One other thing worth noting here is that there is a short-term lease exception. A short-term lease is a lease that, at the commencement date, has a lease term of 12 months or less and does not include an option to purchase the underlying asset that the lessee is reasonably certain to exercise.

If we have a lease that meets this definition,

  • Lessee has option to apply simplified guidance, similar to current operating leases (no asset or liability recognized)
  • Recognize payments on a straight-line basis over the lease term
  • No asset or liability on the balance sheet
  • Policy election on asset-class basis

So, now we must consider the following:

At the commencement date, is the lease term 12 months or less?

Here are two separate examples that will display how two identical arrangements can result in two separate ways of accounting for the leases, based on the assessment of whether it is reasonably certain the lessee will exercise a renewal option.

In the first scenario…

  • ABC Company (lessee) enters into a contract to lease a piece of construction equipment for a six-month period, with the option to extend the term for up to twelve additional months (in three-month increments).
  • Considering the nature of the project, ABC determines that it expects to use the equipment for only nine months and so is reasonably certain that it will exercise only one of the four renewal options.
  • Since the lease term is not more than 12 months (its only 9 months), ABC would be able to elect the short-term lease exception.

In the second scenario…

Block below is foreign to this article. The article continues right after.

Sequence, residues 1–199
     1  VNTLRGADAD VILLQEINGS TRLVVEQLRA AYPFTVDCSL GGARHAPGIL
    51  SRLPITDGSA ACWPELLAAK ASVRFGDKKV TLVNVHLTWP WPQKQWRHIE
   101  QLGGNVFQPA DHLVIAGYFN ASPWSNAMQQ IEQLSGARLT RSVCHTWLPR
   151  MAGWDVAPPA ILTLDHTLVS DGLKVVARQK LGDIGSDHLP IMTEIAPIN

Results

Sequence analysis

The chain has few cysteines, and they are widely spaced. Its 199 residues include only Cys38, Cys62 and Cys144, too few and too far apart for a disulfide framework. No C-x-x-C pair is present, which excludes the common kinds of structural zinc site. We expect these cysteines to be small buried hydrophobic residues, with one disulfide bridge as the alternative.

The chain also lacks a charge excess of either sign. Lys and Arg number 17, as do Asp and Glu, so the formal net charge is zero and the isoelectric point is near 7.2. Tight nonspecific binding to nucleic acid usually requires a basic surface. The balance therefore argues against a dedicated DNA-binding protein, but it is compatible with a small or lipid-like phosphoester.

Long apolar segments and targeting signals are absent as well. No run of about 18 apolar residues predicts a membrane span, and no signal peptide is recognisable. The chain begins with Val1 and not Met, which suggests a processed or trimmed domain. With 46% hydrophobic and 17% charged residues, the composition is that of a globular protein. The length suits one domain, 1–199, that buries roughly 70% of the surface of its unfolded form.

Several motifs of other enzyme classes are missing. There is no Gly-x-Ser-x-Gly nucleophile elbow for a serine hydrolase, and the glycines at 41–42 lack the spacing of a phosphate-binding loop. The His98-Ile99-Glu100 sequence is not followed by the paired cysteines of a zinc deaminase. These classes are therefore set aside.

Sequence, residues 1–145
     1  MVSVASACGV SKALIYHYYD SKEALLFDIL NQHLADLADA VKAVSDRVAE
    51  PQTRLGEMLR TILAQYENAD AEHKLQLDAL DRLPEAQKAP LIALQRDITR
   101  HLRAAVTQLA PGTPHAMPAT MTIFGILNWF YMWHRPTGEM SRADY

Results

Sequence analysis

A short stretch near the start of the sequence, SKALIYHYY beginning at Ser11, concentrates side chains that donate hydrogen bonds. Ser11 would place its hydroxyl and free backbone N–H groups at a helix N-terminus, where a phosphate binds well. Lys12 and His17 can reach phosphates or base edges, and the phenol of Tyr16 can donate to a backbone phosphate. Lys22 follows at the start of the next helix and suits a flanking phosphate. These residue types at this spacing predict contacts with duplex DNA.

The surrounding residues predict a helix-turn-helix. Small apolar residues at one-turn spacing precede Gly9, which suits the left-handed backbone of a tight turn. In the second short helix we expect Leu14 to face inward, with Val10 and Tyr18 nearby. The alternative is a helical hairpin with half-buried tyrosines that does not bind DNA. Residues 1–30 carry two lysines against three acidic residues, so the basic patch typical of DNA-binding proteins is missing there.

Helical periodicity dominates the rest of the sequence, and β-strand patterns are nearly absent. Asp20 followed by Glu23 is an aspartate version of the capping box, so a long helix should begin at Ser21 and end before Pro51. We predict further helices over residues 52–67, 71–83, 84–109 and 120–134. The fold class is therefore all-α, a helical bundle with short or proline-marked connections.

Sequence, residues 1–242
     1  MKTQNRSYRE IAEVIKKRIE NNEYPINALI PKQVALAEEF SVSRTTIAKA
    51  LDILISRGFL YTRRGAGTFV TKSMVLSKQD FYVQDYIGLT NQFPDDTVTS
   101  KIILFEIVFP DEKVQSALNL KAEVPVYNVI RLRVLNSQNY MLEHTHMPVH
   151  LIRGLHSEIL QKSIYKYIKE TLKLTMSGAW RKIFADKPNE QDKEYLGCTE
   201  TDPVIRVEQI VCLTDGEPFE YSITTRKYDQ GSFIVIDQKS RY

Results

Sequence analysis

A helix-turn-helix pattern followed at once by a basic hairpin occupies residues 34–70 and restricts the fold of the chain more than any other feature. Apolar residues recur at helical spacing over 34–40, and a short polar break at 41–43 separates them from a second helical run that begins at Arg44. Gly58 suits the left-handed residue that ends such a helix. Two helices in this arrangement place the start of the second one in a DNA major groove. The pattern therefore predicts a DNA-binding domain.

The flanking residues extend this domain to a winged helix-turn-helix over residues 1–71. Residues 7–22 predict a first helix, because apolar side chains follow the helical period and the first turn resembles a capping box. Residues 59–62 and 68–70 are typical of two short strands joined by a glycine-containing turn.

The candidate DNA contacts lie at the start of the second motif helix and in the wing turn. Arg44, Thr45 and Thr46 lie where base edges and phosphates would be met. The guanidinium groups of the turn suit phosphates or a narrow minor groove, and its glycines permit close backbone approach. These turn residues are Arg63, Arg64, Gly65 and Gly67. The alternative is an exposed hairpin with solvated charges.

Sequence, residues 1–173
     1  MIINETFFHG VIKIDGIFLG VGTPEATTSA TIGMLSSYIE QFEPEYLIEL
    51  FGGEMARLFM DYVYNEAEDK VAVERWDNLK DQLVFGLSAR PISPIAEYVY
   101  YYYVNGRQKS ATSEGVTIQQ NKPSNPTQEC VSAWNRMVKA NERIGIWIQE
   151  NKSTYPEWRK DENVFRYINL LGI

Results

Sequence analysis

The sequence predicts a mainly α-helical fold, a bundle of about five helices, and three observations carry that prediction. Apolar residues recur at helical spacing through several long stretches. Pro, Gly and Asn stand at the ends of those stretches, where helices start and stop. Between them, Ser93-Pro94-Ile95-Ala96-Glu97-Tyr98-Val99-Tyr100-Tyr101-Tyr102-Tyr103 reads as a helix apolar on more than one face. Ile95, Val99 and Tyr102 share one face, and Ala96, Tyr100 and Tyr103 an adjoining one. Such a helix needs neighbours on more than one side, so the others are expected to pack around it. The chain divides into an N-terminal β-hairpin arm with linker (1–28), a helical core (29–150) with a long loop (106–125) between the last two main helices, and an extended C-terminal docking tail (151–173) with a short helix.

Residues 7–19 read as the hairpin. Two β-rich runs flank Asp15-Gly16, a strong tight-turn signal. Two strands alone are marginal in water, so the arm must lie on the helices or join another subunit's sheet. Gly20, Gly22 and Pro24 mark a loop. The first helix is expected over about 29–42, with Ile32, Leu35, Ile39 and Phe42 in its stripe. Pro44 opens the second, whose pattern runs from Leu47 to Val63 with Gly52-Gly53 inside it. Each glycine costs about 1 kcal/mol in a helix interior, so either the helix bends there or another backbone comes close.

• ABC Company (lessee) enters into a contract to lease a piece of construction equipment for a six-month period, with the option to extend the term for up to twelve additional months (in three-month increments).
  • The equipment is to be used in a project expected to take 18 months.
  • ABC expects to use the equipment for 18 months and so is reasonably certain to exercise all four renewal options.
  • The expected lease term is greater than 12 months so ABC would not be able to elect the short-term lease exception.

So, even though the facts are the same in both scenarios, the first scenario results in no lease asset or liability being booked while the second scenario results in a lease asset and liability being booked! So, pay close attention to how clients are making these assessments.

Conclusion

Determining the lease term may often involve assessing whether an option, that may result in a different term than the fixed term, will be exercised. When making this assessment, consider contract-based, asset-based, entity-based and market-based factors. To include the optional period in the lease term, it must be “reasonably certain” that the lessee will exercise the option. It is important to understand how to make these assessments (or how our clients are making these assessments) to ensure that the lease asset and lease liability are properly booked.

 

Additional lease resources you may like:

Webinar: Preparing for the New Leases Standard (ASC 842)

Watch our free on-demand webcast designed to provide an overview of the new lease guidance, and focuses on those provisions representing major substantive changes to financial reporting. Emphasis includes areas such as lease definition, lease classification, balance sheet presentation, transition, lease term, lease payment, lessee accounting, implementation considerations and disclosure requirements. The discussion includes illustrative examples and demonstrations. Watch now.

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CPE courses: Leases